Best Practices for Wearing a Radiation Dosimeter Badge
Best Practices for Wearing a Radiation Dosimeter Badge
Working with, or near radioactive materials can be intimidating, but there are several things you can do to mitigate the risk. To keep employees safe, organizations must follow federal guidelines set by the US Nuclear Regulatory Commission (NRC), as well as all state regulations. Wearing a radiation dosimeter badge ensures you are not exceeding any radiation limits set by these guidelines.
Dosimeter badges are easy to use and can accurately report exposure received from all types of ionizing radiation that can cause external exposure. It’s important that every employee wears the correct dosimeter for the type of radiation they are working with and that they are wearing their dosimeter correctly. When used properly, a dosimeter can provide valuable information to the Radiation Safety Officer to help keep employees safe.
Who Needs to Wear a Radiation Dosimeter Badge?
Anyone working with radioactive materials, or devices that emit x-ray radiation, should wear a dosimeter badge. A dosimeter is a cheap form of insurance that guarantees an employee is not exposed to high exposures that could leave an employer liable for injuries.
If an employee is likely to exceed 500 millirem in a year, individual personnel monitoring is required. The US NRC dose limit for occupational exposure for anyone over the age of 18 is currently 5,000 mrem. This limit applies to all radiation workers working with radioactive materials or in radioactive areas. (States may have other requirements in addition to the federal limits.)
Rules and regulations for the use and storage of radioactive materials apply to radiation workers. A radiation worker is defined as an employee 18 years of age or older that over the course of a year is likely to exceed 100 mrem. Radiation workers must be trained annually to keep themselves safe from radiation exposure. Minors working with radioactive materials may not exceed 10% of the annual dose limit for radiation workers.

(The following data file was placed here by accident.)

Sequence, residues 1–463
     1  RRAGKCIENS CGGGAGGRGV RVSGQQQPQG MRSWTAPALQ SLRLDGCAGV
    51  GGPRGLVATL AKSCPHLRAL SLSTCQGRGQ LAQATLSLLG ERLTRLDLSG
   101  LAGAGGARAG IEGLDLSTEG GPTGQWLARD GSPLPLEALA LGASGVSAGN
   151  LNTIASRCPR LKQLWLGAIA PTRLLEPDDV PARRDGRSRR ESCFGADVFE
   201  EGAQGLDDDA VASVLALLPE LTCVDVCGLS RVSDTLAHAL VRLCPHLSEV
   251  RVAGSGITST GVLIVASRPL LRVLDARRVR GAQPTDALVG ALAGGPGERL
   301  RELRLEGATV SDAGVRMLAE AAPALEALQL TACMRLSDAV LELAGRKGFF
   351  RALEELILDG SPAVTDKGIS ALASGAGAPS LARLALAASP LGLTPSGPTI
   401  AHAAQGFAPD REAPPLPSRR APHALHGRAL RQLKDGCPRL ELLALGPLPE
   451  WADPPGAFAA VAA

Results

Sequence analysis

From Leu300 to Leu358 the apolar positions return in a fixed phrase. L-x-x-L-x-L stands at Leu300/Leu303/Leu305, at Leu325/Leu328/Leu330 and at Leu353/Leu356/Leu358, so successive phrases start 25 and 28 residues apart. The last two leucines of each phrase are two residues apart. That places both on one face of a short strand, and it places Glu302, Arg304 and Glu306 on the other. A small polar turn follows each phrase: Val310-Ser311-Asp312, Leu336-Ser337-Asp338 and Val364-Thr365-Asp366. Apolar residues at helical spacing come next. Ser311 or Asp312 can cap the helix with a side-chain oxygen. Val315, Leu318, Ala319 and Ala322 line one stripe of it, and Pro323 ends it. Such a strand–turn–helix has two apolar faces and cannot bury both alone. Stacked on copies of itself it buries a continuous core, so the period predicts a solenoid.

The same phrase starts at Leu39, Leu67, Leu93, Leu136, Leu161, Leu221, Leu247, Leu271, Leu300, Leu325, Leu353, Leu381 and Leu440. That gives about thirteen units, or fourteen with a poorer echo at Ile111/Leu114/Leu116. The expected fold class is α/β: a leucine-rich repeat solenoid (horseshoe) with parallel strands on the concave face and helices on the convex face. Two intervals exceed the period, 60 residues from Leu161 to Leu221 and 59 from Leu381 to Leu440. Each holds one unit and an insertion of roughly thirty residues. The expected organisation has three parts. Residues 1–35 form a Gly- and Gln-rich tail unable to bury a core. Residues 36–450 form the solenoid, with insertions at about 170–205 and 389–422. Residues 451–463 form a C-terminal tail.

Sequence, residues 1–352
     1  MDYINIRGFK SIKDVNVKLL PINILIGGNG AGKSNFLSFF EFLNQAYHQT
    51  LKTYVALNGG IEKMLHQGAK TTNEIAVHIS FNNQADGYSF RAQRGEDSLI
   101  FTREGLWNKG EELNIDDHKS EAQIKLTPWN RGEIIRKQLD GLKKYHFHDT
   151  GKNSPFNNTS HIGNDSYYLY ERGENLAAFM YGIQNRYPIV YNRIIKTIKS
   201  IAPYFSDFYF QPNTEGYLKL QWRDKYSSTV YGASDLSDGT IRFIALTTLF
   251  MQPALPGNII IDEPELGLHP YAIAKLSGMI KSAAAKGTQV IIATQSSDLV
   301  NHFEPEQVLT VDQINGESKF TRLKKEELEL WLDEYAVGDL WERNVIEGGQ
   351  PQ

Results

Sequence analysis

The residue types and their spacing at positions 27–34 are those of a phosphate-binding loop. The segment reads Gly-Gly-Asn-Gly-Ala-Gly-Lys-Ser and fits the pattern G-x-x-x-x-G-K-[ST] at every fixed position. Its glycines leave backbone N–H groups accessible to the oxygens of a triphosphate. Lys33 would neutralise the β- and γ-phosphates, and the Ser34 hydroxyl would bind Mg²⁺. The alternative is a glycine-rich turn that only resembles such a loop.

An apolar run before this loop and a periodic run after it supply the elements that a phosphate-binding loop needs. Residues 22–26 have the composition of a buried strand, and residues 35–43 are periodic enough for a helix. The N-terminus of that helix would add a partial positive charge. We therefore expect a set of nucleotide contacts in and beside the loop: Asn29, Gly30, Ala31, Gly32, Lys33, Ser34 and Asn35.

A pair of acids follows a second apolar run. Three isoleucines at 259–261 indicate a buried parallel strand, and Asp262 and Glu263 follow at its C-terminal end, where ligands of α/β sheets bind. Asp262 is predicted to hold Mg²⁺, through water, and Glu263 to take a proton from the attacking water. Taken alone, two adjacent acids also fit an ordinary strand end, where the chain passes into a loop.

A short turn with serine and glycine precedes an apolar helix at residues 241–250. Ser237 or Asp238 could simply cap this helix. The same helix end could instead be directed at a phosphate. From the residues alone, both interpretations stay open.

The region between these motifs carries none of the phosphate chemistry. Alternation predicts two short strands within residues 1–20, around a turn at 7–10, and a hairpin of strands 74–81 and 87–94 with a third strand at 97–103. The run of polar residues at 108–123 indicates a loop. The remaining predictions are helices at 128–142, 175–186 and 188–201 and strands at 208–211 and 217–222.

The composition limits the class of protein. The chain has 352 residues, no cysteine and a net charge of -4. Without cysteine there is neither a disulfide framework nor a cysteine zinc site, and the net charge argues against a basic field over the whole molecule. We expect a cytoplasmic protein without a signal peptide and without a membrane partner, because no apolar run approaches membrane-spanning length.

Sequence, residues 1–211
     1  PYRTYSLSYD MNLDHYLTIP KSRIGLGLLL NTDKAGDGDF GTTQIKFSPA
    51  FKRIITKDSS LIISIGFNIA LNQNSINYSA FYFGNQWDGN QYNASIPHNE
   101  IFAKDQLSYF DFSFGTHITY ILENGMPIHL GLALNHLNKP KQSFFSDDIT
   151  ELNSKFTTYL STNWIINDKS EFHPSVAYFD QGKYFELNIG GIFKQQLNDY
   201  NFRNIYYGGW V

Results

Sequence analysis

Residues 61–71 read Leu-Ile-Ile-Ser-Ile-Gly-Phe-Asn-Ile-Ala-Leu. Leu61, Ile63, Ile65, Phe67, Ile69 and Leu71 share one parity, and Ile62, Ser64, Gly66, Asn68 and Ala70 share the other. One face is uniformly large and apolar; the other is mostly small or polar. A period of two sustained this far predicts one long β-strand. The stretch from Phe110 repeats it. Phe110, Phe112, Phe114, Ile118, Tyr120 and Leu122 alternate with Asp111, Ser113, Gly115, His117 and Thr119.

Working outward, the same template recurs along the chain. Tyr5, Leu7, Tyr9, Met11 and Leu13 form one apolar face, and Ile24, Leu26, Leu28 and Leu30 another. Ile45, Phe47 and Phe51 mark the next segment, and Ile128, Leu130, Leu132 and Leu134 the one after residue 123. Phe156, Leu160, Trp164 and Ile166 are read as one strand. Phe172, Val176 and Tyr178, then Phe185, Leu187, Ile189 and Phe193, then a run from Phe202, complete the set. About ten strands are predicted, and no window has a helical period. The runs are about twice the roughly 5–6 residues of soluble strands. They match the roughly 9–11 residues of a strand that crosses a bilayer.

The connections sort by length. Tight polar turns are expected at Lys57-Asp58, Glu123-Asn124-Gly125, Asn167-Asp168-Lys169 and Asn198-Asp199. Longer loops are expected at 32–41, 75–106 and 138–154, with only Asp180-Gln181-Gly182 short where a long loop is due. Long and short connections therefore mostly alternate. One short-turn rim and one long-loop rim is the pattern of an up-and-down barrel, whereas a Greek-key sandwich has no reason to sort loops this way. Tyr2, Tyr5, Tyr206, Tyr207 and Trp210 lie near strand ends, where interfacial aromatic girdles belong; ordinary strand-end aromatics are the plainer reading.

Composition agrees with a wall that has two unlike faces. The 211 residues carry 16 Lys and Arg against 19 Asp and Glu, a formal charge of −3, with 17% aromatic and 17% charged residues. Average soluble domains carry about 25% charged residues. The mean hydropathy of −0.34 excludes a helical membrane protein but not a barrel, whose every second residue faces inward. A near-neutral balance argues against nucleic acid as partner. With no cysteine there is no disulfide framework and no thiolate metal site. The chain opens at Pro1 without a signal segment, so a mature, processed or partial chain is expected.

Pregnant radiation workers have additional dose limits. Once a pregnant radiation worker has declared their pregnancy to their Radiation Safety Officer, they must be issued a fetal monitor to ensure exposure to the embryo or fetus does not exceed 500 mrem during the pregnancy. The fetal monitor is no longer required once the radiation worker declares that they are no longer pregnant.
A facility working with exposure levels that are under the federal and state limits may still elect to provide dosimeters to their employees. A radiation dosimeter badge can provide peace of mind to employees working with radioactive materials to ensure harmful radiation exposure does not occur.
When to Wear a Badge
Badges must be worn whenever working with or near radioactive materials or x-ray emitting devices. Areas where radioactive materials must be kept secure from non-radiation workers and must have the required signage for the materials present in that location. The Notice to Employees form must also be posted listing the responsibilities of the employer and employees. The Notice to Employees form can be obtained from the Agreement state where the facility is located. In the event that the facility is not located within an Agreement state, this form can be obtained directly from the NRC.
How to Wear a Radiation Dosimeter Badge
Dosimeters should be worn to best reflect the amount of radiation an employee receives. Badges are worn on the torso to accurately report the amount of exposure received to the body. Doses delivered to the organs are reported as deep doses. The doses delivered to the body that do not reach the organs are reported as shallow doses. Doses delivered to the lens of the eye are reported as eye doses.
Employees working in environments where they are likely to receive elevated exposure to their extremities should wear either a ring, or a wrist dosimeter. These dosimeter types only report dose received to the extremities, and as such do not replace the requirement for a dosimeter worn on the body. Extremities are not subject to the 5,000 mrem a year limit set by the NRC and may receive up to 50,000 mrem.